Eric Mintel has played the piano for as long as he can remember. His quartet, EMQ, consist of Eric on piano, Nelson Hill on alto sax, soprano sax, and flute, Jack Hegyi on bass, and Dave Mohn on drums.

After serving in World War II as a medic Charley Peterson, 91 years old, had to get over his hatred of Germans. His ill feeling toward the German people was preventing him from completing his studies at Purdue University - School of Pharmacy and advancing to graduate school.

Bob Wolpert tells the story of his visit to the Hudson River Valley celebrating the life and music of Pete Seeger. He first met Pete forty-five years ago. Bob was a university student who was about to begin a career in teaching. He believed Pete was an extraordinary teacher.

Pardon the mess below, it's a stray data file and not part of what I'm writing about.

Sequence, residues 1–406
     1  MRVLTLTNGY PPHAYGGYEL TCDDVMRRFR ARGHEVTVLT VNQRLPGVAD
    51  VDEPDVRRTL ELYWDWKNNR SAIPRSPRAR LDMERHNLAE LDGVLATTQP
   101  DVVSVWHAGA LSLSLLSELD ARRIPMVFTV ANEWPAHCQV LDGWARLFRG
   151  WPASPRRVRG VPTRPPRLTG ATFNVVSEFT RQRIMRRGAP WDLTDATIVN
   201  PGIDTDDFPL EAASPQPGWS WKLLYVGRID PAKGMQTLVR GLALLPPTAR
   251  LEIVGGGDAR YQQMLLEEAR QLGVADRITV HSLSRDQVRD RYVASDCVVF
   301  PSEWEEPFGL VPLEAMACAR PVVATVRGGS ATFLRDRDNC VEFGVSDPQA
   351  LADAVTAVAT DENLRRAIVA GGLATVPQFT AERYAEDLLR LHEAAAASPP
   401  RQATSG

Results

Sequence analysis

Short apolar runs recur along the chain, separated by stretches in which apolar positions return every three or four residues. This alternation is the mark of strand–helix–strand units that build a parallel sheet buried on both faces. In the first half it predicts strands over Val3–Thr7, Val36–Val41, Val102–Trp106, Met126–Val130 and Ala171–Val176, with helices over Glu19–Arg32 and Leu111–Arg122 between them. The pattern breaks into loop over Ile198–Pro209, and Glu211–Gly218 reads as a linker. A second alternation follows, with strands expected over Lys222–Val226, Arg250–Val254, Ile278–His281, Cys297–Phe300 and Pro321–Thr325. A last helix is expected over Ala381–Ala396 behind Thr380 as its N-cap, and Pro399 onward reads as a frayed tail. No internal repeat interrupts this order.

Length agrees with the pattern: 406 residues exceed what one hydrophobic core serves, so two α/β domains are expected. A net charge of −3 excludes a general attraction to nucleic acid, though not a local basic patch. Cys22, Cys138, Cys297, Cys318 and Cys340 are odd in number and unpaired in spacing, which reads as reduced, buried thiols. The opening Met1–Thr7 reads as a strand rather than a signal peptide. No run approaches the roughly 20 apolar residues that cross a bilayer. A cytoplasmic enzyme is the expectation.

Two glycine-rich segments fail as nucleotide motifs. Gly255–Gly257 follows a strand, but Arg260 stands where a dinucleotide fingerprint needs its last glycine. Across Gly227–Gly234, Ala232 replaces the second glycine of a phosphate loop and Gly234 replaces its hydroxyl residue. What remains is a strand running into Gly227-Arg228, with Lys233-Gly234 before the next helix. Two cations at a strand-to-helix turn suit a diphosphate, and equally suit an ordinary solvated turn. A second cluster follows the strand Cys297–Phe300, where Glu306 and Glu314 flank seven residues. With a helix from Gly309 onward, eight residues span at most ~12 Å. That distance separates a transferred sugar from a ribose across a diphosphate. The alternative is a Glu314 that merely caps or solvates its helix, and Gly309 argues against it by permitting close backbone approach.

Avis was informed that slaves were buried in the Upper Dublin Meetinghouse. She felt led to recognize their existence.

Telling three stories Phillip Seitz, Social Historian, worked for 9 years at Cliveden in Philadelphia. During that time an enormous number of the Chew Family Papers were discovered and turned over to the Historical Society of Pennsylvania. Included in those papers were letters Benjamin Chew received from the overseer of his plantation in the state of Delaware. Phillip is the author of the book, “Slavery in Philadelphia: A History of Resistance, Denial and Wealth”.

Gloria Gilman tells the story of how the unseating of duly elected Committee Person, Tracey Gordon, stirred up a number of Philadelphia democrats who then created the Philadelphia Democratic Progressive Caucus.

Jerome Riggs, brother Worm, tells us his Philadelphia story of how he got his nickname. Worm grew up in North Philadelphia. He describes his first job as a kid and what he did with his first pay.